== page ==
The Hot Water Association has released a statement on the use of temperature release valves following press reports
It said: “An article was recently published in the trade press implying that temperature relief valves would no longer be required on unvented systems.
The Hot Water Association (HWA), which represents the interests of manufacturers of hot water storage cylinders, has had a number of enquiries and requests for clarification.
Unvented systems were introduced into the UK over twenty years ago. They have now achieved a 50 per cent share of the hot water storage market and have an excellent safety record.
We believe that this safety record has been largely due to the fact that under UK regulations the unvented systems have to incorporate two independent levels of safety cut out, in addition to the thermostat used to control the temperature of the stored water.
The safety cut outs have to be configured in such a way that the temperature of stored water is unable to exceed 100 deg C.
The preferred method of achieving the two levels of over temperature control has always been the use of a non auto resetting energy cut out and a temperature relief valve.
The big advantage of the temperature relief valve is, of course, that it is totally independent of the means of energy input and, being a self-contained device, does not have to rely on correct wiring or installation of additional devices.
In the last revision of the UK’s G3 Building Regulations it was acknowledged that the temperature relief valve could, in some circumstances, be substituted by an alternative device with the all-important proviso that it has to be proved to be no less effective.
The Guidance to the G3 Regulations is, however, written in such a way as to promote the use of the temperature relieve valve as the preferred choice of the final high level safety device.
Until recently the UK water supply regulations did make the temperature relief valve an absolute requirement and there has been a recent relaxation of the wording simply to make it more consistent with the text of the G3 Building Regulations.
Unfortunately this has been wrongly interpreted in some quarters as a step change in UK regulatory policy and a green light to the general abolition of temperature relief valves.
Its timing is of particular concern since CLG, who are responsible for the G3 Building Regulations, have recently commissioned an independent review of the safety devices used on unvented systems and are still awaiting the report.
The HWA do acknowledge that if an unvented cylinder is supplied as part of a fully approved ‘secure package’, where the only means of heating the cylinder is indirectly from the boiler, then if the cylinder has an energy cut out and the boiler also has an energy cut out to prevent the primary water from exceeding 100 degrees then the G3 provisions are likely to be met.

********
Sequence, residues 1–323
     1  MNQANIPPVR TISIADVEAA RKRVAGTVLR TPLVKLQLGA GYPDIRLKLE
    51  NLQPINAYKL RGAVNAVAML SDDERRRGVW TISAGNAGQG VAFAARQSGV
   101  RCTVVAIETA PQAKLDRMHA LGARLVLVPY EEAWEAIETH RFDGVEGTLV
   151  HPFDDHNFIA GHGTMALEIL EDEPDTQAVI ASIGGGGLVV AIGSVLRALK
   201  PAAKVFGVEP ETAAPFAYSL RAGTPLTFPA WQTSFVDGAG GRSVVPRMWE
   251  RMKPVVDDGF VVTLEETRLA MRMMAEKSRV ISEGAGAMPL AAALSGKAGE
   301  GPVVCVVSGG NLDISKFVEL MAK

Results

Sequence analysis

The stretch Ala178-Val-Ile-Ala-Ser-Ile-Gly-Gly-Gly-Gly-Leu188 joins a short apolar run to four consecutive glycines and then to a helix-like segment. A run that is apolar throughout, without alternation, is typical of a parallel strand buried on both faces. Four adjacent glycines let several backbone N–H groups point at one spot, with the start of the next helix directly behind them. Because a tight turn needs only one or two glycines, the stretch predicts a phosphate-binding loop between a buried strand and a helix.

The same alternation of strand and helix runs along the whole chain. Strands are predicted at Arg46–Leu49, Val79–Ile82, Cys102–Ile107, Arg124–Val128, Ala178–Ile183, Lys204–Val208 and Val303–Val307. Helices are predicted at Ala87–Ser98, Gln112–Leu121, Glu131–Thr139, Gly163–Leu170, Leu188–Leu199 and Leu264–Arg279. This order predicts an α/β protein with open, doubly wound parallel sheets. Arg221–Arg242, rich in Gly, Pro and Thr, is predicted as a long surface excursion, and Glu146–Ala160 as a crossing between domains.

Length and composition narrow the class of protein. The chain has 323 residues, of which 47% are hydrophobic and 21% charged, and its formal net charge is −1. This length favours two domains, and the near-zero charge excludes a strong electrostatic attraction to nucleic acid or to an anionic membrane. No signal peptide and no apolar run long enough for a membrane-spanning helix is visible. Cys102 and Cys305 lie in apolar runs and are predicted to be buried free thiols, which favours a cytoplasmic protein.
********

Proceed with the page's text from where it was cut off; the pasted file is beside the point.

If however, as is the general UK preference, the cylinder is also fitted with a back up immersion heater, then an additional device, preferably in the form of a Temperature relief valve, is also required.
Even if no immersion heater is fitted the HWA are concerned about what happens in a few years’ time as inevitably the cylinder will have a longer lifespan than the boiler.
If an alternative replacement boiler were to be fitted this might alter the originally approved package and there will be no temperature relief valve to guard against an improperly specified or wrongly installed boiler.
To summarize, at the moment the temperature relief valve is the only universally accepted high level safety device for unvented systems in the UK and this will remain the situation unless the forthcoming investigations by CLG suggest otherwise.
We believe that even if other ‘no less effective” devices do start to be used, most responsible UK manufacturers will still prefer to fit the temperature relief valve due to its unique qualities in being totally independent of the current and future changes to heat input or subsequent bad workmanship.
Finally, it is important that installers never remove a T&P valve from an unvented cylinder on any installation.
Removal of the T&P valve will void approval of the cylinders compliance with building regulations as it would be a change to the safety features with which the cylinder was tested.”